Reading Weinstein and Montás, you might conclude that English professors, having spent their entire lives reading and discussing works of literature, must be the wisest and most humane people on earth. Take my word for it, we are not. We are not better or worse than anyone else. I have read and taught hundreds of books, including most of the books in the Columbia Core. I teach a great-books course now. I like my job, and I think I understand many things that are important to me much better than I did when I was seventeen. But I don’t think I’m a better person.
Sure, but have you tried to be?
I don’t want to be too flippant here. I have myself, many times, argued against the claim that reading great books is intrinsically ennobling. My argument has been that how we read — with whom, and with what purposes in mind — matters more than what we read. But I think it’s both possible and desirable for students and teachers to read and study together in search of wisdom. And that’s largely what Montás and Weinstein argue for. I do think they are a rather too reverent about the books officially designated as Great, rather too confident in the value of mere exposure to such books. Still, the purposes of education, of teaching and learning, are their chief theme.
They also — Menand complains about this at length — say that in the modern university the practices of reading associated with those true purposes of education are either marginalized or forbidden. Menand actually quotes Montás’s argument that “Too often professional practitioners of liberal education — professors and college administrators — have corrupted their activity by subordinating the fundamental goals of education to specialized academic pursuits that only have meaning within their own institutional and career aspirations.” But isn’t it pretty obvious that someone who thinks this will not, indeed cannot, also think “that English professors, having spent their entire lives reading and discussing works of literature, must be the wisest and most humane people on earth”?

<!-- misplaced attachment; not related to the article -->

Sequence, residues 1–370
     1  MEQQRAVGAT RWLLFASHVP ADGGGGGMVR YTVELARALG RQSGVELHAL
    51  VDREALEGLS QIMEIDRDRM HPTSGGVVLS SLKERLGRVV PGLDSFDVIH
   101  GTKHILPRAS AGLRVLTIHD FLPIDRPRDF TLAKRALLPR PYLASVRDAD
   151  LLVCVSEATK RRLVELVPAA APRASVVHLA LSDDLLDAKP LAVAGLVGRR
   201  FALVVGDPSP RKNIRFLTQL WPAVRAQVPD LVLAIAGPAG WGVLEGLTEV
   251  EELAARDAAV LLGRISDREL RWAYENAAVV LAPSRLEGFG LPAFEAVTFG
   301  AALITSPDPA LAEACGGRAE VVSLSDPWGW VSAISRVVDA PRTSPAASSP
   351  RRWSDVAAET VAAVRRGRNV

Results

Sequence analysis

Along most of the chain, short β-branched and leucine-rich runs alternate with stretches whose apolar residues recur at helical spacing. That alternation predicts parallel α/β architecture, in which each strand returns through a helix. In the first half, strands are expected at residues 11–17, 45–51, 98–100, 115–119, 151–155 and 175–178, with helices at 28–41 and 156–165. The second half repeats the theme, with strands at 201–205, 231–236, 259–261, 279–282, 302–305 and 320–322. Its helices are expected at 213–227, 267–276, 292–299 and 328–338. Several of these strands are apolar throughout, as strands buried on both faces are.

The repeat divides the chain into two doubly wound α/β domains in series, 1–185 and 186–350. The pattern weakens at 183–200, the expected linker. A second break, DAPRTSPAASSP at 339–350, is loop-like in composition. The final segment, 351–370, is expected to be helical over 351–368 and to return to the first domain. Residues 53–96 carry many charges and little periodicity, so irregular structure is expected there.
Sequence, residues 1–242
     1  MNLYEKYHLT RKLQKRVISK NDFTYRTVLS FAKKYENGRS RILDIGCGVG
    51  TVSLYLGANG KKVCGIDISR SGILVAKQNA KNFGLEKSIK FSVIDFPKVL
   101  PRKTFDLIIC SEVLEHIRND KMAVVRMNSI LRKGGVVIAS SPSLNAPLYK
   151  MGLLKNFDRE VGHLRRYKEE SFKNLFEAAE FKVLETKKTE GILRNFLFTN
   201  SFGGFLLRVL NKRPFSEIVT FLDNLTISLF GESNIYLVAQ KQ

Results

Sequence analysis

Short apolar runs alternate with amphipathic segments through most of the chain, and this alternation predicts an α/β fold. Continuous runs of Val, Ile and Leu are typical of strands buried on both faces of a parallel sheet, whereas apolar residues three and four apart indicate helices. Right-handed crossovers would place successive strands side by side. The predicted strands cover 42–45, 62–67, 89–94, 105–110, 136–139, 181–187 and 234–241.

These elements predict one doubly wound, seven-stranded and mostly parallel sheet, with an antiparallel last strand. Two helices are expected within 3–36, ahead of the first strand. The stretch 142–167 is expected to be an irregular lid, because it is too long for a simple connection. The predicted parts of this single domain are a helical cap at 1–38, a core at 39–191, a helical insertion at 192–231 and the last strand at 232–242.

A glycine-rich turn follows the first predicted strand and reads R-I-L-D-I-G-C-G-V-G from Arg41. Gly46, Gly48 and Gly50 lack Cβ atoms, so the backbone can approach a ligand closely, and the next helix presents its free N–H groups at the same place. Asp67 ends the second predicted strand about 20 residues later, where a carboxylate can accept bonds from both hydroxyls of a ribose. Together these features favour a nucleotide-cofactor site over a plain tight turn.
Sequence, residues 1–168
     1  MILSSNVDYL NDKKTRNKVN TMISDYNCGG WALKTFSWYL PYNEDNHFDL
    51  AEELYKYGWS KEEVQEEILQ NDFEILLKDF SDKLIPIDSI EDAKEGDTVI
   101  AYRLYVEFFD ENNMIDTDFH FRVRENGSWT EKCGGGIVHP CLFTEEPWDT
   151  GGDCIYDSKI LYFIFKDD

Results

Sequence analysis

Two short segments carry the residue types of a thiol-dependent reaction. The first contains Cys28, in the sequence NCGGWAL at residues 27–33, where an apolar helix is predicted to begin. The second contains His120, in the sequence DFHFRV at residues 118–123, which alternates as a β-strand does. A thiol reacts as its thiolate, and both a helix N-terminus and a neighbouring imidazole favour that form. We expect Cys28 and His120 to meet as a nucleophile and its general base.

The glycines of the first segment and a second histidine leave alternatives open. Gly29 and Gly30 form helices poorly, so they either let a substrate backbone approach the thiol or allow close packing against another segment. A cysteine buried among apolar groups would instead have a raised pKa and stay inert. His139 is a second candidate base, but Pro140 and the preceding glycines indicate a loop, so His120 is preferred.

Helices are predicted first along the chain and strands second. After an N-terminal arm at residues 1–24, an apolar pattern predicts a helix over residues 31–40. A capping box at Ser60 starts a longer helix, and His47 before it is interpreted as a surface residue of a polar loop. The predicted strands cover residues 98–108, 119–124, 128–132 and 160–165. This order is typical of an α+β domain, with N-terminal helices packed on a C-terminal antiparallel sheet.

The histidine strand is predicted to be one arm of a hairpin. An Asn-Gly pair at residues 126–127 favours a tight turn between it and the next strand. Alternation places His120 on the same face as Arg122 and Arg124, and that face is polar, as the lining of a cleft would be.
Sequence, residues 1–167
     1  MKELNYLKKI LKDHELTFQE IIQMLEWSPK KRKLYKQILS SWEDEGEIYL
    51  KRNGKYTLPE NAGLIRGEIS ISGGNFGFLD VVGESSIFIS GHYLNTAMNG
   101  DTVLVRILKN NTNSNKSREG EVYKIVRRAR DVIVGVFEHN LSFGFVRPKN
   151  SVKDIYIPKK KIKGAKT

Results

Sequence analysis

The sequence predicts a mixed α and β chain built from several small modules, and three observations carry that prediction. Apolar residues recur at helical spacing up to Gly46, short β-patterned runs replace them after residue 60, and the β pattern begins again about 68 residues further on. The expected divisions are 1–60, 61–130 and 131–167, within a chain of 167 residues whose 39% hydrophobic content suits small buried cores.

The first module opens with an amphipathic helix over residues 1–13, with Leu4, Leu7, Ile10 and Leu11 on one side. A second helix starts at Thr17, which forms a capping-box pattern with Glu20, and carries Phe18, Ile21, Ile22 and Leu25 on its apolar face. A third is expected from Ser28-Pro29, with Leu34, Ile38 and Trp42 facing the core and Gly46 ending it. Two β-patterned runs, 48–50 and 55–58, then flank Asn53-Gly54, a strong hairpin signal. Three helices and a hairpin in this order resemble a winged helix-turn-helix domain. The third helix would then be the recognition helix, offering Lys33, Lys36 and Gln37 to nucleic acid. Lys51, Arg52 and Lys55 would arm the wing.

Menand is so transparently impatient with the arguments of Montás and Weinstein that he gets similarly confused at several points in his essay. For instance, to Montás’s claim that Nietzsche is “Satan’s most acute theologian,” Menand replied that “Nietzsche wanted to free people to embrace life, not to send them to Hell. He didn’t believe in Hell. Or theology” — or, presumably, Satan. But maybe Montás believes in Satan, which would, surely, be the point.
Let’s try to focus on the key issue here: Both authors under review couldn’t be clearer that their main argument is not that we should all be reading great books but that we should be reading great books in light of what they believe to be “the fundamental goals of education.” So the proper question to ask is not, “Will reading great literature make me a better person?” The proper question is, “Will reading great literature in company with others who are in search of self-knowledge, meaning, and wisdom make me a better person?” (Answer: Maybe not. And not automatically. But it does give you certain opportunities for becoming wiser if in a disciplined way you choose to take them.)
Why does Menand teach in a university? I read his essay three times looking for evidence, and the only thing I find is this: “The university is a secular institution, and scientific research — more broadly, the production of new knowledge — is what it was designed for.” (He sets this in opposition to the argument of the writers he review that it’s vital to read for self-knowledge.) He says that “Humanists … should not be fighting a war against science. They should be defending their role in the knowledge business.”
With this point I’m in complete agreement. Wissenschaft should not be simply dismissed in favor of Bildung, and there can be real Wissenschaft in the humanities (though I’m not sure many of the critics and theorists Menand defends are interested in either educational tradition). I agree with Tom Stoppard’s A. E. Housman, in The Invention of Love:
A scholar’s business is to add to what is known. That is all. But it is capable of giving the very greatest satisfaction, because knowledge is good. It does not have to look good or even sound good or even do good. It is good just by being knowledge. And the only thing that makes it knowledge is that it is true. You can’t have too much of it and there is no little too little to be worth having. There is truth and falsehood in a comma.
Among my own writing and works, the ones I am proudest of are the ones — like my Auden editions — in which I am clearly if in a small way adding to our store of knowledge.
So two cheers, at least, for Wissenschaft. The chief point I’m wanting to make here is simply this: There’s something rather peculiar about a scholar who proudly disavows using professional teaching and study for personal moral formation and then says, as though he’s clinching a point, that his professional teaching and study have not contributed to his personal moral formation.